South Asian History has enjoyed a remarkable renaissance over the past thirty years. Its historians are t only producing new ways of thinking about the imperial impact and legacy on South Asia, but also helping to reshape the study of imperial history in general. The essays in this collection address a number of these important developments, delineating t only the complicated interplay between imperial rulers and their subjects in India, but also illuminating the ecomic, political, environmental, social, cultural, ideological, and intellectual contexts which informed, and were in turn informed by, these interactions. Particular attention is paid to a cluster of binary oppositions that have hitherto framed South Asian history, namely colonizer/colonized, imperialism/nationalism, and modernity/tradition, and how new analytical frameworks are emerging which enable us to think beyond the constraints imposed by these binaries. Closer attention to regional dynamics as well as to wider global forces has enriched our understanding of the history of South Asia within a wider imperial matrix. Previous impressions of all-powerful imperialism, with the capacity to reshape all before it, for good or ill, are rejected in favour of a much more nuanced image of imperialism in India that ackwledges the impact as well as the intentions of colonialism, but within a much more complicated historical landscape where other processes are at work.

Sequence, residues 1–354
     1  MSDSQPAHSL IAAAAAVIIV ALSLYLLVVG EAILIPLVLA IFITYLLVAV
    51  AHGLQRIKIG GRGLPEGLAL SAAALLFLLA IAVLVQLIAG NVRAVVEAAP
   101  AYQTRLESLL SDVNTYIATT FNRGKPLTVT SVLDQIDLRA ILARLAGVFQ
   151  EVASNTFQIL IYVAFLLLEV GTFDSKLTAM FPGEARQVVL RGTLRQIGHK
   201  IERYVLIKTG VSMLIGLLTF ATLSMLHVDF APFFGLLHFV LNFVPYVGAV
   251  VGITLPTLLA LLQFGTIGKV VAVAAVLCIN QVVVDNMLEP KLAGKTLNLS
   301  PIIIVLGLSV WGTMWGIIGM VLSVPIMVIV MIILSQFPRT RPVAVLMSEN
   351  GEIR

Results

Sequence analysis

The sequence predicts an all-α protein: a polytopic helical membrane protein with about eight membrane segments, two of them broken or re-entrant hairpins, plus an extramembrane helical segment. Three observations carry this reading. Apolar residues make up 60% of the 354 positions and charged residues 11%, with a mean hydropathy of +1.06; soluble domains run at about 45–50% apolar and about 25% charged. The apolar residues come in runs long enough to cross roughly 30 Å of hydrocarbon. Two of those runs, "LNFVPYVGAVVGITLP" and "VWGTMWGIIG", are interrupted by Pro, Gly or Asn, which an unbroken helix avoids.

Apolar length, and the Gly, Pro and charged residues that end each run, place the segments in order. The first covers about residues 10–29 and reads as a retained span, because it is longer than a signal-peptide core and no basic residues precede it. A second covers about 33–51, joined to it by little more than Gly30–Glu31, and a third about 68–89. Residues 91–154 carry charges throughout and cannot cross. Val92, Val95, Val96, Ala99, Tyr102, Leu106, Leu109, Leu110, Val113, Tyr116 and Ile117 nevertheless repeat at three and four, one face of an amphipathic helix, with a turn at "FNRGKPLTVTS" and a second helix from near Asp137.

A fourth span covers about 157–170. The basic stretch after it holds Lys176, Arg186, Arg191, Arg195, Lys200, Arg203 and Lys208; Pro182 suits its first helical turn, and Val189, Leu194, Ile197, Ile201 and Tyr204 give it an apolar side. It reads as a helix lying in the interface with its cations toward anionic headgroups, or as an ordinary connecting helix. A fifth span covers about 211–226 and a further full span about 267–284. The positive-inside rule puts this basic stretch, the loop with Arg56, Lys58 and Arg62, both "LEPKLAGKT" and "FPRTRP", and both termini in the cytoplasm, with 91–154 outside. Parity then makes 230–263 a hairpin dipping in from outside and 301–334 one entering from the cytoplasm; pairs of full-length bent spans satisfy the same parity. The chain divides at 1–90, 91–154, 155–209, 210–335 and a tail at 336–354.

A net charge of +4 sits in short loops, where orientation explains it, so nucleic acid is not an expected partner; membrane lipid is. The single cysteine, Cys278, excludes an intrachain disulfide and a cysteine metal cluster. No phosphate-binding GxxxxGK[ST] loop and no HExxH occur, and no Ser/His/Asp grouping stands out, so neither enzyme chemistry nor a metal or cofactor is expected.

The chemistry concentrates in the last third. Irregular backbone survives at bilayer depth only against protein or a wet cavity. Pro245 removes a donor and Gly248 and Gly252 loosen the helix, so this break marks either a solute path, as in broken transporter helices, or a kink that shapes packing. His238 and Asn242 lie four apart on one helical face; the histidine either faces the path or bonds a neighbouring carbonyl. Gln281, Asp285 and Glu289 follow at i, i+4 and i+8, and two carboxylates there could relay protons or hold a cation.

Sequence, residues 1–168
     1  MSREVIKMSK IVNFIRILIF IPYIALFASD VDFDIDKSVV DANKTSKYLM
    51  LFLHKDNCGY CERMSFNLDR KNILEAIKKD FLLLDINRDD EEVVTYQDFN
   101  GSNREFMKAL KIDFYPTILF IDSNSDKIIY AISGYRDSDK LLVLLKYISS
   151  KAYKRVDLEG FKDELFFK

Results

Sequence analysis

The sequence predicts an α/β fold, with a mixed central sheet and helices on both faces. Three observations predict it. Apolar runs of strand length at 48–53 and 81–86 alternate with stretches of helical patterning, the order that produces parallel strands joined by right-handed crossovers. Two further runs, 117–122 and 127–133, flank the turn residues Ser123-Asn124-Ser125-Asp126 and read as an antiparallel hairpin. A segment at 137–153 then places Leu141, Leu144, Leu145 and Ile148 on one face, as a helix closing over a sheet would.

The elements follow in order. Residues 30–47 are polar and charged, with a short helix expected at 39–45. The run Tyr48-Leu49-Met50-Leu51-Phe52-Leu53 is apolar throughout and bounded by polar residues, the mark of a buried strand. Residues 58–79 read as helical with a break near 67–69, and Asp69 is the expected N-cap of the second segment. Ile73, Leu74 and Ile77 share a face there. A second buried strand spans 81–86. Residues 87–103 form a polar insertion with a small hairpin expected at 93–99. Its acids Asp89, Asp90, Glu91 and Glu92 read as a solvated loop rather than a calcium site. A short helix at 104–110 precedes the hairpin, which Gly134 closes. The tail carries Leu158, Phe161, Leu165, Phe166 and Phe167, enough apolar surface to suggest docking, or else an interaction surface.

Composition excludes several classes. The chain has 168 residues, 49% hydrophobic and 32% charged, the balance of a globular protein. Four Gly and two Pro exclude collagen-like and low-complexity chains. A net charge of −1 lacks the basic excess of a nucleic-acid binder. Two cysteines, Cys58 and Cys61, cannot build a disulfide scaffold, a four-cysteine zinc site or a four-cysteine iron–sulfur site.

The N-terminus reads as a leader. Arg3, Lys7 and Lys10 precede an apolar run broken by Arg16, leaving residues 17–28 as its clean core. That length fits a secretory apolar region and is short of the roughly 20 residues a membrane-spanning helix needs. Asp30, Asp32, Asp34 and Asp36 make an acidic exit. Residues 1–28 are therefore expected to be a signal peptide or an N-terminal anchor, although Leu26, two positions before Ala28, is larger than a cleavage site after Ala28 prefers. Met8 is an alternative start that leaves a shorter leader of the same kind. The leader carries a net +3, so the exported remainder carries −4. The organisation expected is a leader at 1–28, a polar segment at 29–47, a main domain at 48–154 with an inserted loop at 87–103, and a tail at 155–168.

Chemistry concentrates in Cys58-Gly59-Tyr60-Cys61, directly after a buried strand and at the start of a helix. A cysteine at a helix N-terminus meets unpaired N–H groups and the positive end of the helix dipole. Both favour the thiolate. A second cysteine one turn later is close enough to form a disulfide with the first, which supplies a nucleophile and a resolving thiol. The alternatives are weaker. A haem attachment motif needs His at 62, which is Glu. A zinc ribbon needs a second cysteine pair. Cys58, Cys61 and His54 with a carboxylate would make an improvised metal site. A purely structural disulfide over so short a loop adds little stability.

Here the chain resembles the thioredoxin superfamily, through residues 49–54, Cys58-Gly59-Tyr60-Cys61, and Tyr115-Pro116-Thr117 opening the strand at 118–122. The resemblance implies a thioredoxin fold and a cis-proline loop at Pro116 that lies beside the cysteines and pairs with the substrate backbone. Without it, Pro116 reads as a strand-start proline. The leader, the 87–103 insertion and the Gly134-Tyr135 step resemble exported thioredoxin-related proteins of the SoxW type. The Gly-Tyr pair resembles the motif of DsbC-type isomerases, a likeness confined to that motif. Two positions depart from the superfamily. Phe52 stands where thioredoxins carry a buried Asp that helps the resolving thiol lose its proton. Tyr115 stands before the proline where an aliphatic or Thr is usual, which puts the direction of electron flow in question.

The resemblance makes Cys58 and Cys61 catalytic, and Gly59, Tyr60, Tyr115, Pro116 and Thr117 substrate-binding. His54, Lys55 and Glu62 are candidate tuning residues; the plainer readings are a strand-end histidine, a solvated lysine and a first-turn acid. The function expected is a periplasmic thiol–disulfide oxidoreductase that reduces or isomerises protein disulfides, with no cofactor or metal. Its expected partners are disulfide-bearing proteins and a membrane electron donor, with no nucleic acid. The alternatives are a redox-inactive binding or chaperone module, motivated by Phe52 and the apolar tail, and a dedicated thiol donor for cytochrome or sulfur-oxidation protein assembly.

Douglas Peers is currently Professor of History and Dean of Arts at the University of Waterloo, having previously held positions at York University, the University of Calgary, and the Social Sciences and Humanities Research Council of Canada. He is the author of Between Mars and Mammon: Colonial Armies and the Garrison State in Early-Nineteenth Century India (1995), India Under Colonial Rule, 1700-1885 (2006), and published more than twenty articles and chapters on the intellectual, political, medical, and cultural dimensions of nineteenth-century India in such journals as the Social History of Medicine, Modern Asian Studies, The Historical Journal, Journal of Imperial and Commonwealth History, International History Review, Radical History Review and Journal of World History. Nandini Gooptu is a Fellow of St Antony's College, Oxford. She teaches history and politics at the Department of International Development, the School of Interdisciplinary Area Studies, and the Department of Politics, University of Oxford. Educated in Calcutta and at Cambridge, and trained as a social historian, she is the author of The Politics of the Urban Poor in Early-Twentieth Century India (2001). While Dr Gooptu's past research has been on colonial India, her current research is concerned with social and political transformation in contemporary India. She has published articles on a variety of subjects, including caste, religion and spiritualism in politics; urban development and politics; poverty, labour, and work.
Oxford University Press
Date of Publication
History: Specific Subjects
Oxford History of the British Empire Companion Series